AskDefine | Define hunger

Dictionary Definition

hunger

Noun

1 a physiological need for food; the consequence of foood deprivation [syn: hungriness]
2 strong desire for something (not food or drink); "a thirst for knowledge"; "hunger for affection" [syn: thirst]

Verb

1 feel the need to eat
2 have a craving, appetite, or great desire for [syn: crave, thirst, starve, lust]
3 be hungry; go without food; "Let's eat--I'm starving!" [syn: starve, famish] [ant: be full]

User Contributed Dictionary

see Hunger

English

Pronunciation

Etymology 1

hungor.

Noun

  1. A need or compelling desire of food.
  2. In the context of "by extension": Any strong desire.
    I have a hunger to win.
Usage notes
The phrase be hungry is more common than have hunger to express a need for food.
Translations
need for food
strong desire

Etymology 2

hyngran.

Verb

  1. To be in need of food.
  2. To have a desire for.
    I hungered for your love.
Translations
need food
desire

References

  • 1913}}

Norwegian

Noun

Extensive Definition

Definition

Hunger is a feeling experienced usually followed by a desire to eat. The often unpleasant feeling originates in the hypothalamus and is released through receptors in the liver. Although an average nourished individual can survive weeks without food intake, the sensation of hunger typically begins after a couple of hours without eating and is generally considered quite uncomfortable. The sensation of hunger can often be alleviated and even mitigated entirely with the consumption of food.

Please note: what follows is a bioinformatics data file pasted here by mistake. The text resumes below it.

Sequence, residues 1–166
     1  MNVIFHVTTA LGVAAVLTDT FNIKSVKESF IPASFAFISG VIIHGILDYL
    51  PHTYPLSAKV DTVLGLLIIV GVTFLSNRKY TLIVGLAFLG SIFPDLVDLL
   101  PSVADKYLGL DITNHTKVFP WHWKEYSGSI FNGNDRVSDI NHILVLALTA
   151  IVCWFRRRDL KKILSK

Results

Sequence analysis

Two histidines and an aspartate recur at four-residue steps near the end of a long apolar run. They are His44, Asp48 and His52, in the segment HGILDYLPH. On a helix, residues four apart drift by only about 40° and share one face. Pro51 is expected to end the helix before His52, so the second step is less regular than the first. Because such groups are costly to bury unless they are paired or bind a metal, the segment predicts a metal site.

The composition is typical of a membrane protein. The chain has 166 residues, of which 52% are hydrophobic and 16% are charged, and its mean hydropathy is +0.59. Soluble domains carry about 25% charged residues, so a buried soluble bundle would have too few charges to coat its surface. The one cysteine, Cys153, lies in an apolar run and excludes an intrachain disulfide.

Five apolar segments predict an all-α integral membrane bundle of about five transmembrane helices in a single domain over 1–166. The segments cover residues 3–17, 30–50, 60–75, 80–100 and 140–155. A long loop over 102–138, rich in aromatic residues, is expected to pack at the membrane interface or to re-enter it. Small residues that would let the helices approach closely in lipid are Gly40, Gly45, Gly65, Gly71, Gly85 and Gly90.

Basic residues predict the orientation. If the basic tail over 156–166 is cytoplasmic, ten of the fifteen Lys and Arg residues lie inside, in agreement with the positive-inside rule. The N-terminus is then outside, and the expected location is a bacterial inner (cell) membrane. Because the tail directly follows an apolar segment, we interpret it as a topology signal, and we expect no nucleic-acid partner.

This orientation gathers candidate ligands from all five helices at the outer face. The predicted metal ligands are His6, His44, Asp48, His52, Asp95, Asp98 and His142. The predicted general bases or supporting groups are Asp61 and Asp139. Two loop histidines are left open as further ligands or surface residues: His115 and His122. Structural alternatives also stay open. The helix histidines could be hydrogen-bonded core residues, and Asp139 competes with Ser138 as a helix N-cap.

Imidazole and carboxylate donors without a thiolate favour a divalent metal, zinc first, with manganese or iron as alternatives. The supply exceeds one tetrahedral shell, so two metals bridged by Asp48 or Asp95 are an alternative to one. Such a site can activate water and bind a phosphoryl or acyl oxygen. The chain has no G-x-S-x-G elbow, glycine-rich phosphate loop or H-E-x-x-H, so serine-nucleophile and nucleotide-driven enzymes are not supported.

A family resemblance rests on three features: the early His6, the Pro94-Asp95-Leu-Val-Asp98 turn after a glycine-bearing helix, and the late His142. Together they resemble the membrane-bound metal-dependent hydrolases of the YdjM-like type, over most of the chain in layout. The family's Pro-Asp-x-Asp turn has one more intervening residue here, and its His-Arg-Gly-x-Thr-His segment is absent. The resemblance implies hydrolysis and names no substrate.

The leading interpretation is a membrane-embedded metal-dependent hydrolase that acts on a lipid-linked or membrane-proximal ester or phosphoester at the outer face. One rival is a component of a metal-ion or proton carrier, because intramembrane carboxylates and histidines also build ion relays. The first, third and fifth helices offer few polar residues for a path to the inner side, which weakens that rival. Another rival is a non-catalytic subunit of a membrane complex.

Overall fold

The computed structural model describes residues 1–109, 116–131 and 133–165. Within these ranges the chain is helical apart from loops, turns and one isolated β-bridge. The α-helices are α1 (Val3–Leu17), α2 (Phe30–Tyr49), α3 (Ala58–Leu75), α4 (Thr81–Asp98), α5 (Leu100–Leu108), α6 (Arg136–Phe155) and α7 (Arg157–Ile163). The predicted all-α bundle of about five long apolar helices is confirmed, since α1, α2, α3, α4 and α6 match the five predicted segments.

Kamala Markandaya, the Indian writer, evokes the horror and pain of hunger in personal terms:
For hunger is a curious thing; at first it is with you all the time, waking and sleeping and in your dreams, and your belly cries out insistently, and there is a gnawing and a pain as if your very vitals were being devoured, and you must stop it at any cost and you buy a moment’s respite even while you know and fear the sequel. Then the pain is no longer sharp but dull, and this too is with you always, so that you think of food many times a day and each time a terrible sickness assails you, and because you know this you try to avoid the thought, but you cannot, it is with you. Then that too is gone, all pain, all desire, only a great emptiness is left , like the sky like a well in drought, and it is now that the strength drains from your limbs and you try to rise and find you cannot, or to swallow water and your throat is powerless, and both the swallow and the effort of retaining the liquid tax you to the uttermost.

Hunger pains

When hunger contractions occur in the stomach, these are called hunger pangs. Hunger pangs usually do not begin until 12 to 24 hours after the last ingestion of food, in starvation. A single hunger contraction lasts about 30 seconds, and pangs continue for around 30-45 minutes, then hunger subsides for around 30-150 minutes. Individual contractions are separated at first, but are almost continuous after a certain amount of time. Hunger contractions are most intense in young, healthy people who have high degrees of gastrointestinal tonus. Periods between contractions increase with old age. After hours of non-consumption, leptin levels drop significantly. These low levels of leptin cause the release of secondary hormone, ghrelin, which in turn reinitiates the feeling of hunger.